Tom Ricketts said the quiet part out loud regarding Chicago Cubs spending

Tom Ricketts continues to prove why the Chicago Cubs are just a line item on his general ledger.

Cincinnati Reds v Chicago Cubs
Cincinnati Reds v Chicago Cubs / Quinn Harris/GettyImages
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With the Chicago Cubs' caution at pursuing top free agents being described as "intelligent spending" by Jed Hoyer, the cynical thinking was that Hoyer was falling on the sword for an ownership mandate that has been in place since the 2018 season.

There will be off-seasons where an opportunity arises with the Cubs' spending philosophy, Dansby Swanson's seven-year deal last winter, but Jason Heyward was the last time that the Cubs jumped ahead of the market in terms of signing a top free agent player.

That is a concerning fact for the Cubs and in his latest scrum with reporters, team chairman Tom Ricketts appears to have revealed the worst-kept secret, he is comfortable with running the Cubs like a mid-market team. Among the revealing comments made by Ricketts, the team chairman proudly boasted that the team was "right there" with where the luxury tax threshold lies with Major League Baseball.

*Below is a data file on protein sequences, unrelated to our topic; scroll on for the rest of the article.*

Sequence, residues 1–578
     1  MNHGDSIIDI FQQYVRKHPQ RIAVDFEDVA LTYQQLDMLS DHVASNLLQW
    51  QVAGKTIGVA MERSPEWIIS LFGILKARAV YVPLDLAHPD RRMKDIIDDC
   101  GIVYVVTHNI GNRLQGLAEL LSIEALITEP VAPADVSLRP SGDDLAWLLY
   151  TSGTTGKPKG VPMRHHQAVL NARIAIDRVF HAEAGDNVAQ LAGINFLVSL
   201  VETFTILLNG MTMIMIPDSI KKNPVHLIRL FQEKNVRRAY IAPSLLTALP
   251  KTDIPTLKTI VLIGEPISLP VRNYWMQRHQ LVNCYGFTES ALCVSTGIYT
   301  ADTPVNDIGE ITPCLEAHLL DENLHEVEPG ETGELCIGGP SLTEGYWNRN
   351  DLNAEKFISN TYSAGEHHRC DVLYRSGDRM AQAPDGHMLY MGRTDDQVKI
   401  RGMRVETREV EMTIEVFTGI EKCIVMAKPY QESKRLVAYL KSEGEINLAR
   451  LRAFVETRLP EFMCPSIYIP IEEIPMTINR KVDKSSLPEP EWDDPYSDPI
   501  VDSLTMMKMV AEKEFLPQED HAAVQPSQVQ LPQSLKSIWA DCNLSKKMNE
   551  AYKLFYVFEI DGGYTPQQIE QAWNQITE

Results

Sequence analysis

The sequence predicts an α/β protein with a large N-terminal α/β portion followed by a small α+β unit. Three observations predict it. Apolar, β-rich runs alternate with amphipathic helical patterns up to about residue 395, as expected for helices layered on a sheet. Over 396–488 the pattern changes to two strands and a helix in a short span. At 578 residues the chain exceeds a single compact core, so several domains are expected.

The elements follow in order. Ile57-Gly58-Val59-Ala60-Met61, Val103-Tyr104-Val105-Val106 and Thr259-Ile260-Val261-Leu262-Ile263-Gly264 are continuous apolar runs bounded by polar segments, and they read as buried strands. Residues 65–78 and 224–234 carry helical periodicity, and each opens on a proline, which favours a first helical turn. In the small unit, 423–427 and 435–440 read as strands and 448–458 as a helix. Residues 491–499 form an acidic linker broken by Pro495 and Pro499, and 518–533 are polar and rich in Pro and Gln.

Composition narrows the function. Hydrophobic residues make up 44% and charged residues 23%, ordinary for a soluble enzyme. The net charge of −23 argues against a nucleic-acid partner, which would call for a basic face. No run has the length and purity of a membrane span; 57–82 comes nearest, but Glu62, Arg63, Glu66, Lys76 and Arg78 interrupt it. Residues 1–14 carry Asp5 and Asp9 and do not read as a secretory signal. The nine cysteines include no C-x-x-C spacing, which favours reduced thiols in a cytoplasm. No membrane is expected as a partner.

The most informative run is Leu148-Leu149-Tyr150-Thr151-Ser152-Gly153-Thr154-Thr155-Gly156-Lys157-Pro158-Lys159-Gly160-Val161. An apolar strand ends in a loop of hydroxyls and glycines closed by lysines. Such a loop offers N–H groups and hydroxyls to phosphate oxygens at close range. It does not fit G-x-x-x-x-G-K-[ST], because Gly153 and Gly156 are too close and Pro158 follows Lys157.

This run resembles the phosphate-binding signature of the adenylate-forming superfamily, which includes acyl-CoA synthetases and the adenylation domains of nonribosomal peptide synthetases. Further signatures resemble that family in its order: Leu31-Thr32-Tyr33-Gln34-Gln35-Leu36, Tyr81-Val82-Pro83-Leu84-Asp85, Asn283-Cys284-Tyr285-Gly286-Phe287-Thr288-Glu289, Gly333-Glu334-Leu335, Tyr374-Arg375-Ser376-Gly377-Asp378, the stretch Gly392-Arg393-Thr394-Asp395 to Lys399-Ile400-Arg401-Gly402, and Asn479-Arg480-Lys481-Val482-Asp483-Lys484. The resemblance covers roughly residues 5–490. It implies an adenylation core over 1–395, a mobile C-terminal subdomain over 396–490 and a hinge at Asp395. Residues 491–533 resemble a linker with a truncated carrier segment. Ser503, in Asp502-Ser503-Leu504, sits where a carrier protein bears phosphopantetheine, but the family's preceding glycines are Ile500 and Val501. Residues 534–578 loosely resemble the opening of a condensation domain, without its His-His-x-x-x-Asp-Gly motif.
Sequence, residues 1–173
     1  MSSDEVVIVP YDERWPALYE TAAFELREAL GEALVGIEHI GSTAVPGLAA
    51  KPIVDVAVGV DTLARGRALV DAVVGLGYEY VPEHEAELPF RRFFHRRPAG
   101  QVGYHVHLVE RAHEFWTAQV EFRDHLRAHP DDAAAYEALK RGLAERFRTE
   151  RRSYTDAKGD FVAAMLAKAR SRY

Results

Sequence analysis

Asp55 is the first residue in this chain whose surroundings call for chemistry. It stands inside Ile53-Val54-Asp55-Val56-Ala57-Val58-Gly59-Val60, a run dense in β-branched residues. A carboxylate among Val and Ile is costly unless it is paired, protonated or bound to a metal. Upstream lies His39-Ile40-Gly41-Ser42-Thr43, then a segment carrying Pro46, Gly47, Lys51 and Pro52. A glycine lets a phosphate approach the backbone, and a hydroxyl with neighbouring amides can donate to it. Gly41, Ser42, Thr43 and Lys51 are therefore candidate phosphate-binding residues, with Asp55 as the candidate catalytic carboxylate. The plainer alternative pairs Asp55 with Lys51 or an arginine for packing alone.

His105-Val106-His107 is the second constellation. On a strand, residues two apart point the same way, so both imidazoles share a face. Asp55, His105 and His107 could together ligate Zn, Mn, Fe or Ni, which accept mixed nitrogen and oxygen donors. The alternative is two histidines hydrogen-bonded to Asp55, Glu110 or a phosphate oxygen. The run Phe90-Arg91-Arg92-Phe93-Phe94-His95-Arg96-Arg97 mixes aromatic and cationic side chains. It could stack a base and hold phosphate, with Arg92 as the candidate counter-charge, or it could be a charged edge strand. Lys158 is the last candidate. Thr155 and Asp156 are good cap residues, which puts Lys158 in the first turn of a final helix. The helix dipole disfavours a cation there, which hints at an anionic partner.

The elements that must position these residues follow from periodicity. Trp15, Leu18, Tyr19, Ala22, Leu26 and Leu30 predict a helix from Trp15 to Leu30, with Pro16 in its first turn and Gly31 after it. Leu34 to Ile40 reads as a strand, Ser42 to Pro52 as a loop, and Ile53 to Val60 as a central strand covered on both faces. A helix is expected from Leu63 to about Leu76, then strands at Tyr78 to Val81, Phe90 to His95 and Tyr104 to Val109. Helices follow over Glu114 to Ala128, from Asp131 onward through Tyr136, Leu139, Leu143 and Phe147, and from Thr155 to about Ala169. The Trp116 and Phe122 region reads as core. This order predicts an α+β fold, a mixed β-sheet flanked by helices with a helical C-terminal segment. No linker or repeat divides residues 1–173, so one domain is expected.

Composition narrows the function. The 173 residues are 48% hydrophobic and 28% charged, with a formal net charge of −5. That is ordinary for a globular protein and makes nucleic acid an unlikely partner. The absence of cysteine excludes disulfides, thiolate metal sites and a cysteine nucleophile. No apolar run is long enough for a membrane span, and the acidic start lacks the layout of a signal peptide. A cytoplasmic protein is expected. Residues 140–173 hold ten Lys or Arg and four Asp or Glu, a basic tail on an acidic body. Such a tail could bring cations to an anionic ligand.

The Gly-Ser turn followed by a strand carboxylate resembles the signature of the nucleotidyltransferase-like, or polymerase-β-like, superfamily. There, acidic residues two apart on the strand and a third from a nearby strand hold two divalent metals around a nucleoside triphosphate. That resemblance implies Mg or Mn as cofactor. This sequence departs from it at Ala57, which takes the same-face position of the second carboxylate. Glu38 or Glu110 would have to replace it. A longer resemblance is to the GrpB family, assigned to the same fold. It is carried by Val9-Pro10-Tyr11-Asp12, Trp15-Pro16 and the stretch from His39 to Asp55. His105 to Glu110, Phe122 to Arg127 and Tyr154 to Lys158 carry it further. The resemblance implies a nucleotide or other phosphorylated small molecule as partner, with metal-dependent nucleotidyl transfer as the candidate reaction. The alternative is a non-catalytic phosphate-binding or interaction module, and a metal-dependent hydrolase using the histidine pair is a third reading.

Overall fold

The first level of the luxury tax threshold is $237MM. As the Cubs' roster currently stands, their payroll is at approximately $204MM for the 2024 season. The $33MM in space between where the Cubs' payroll is currently and where the first level of the luxury tax is not something that can be described as saying the team is "right there". That comment from Ricketts is as laughable as saying the Cubs are "right there" with the Los Angeles Dodgers.

Gone are the days where the Chicago Cubs will be swimming in the deepest waters of MLB Free Agency.

Ricketts is comfortable with the Cubs giving off the faintest scent of contention and that is why there will never be an urgency from the team's ownership group to spend aggressively, especially when you consider the fact that they already have the World Series title.

With each passing day, it's becoming clear that the next Cubs' contending window will be propped open by the success of their minor-league system and not spending in free agency to supplement what the roster's needs may be.

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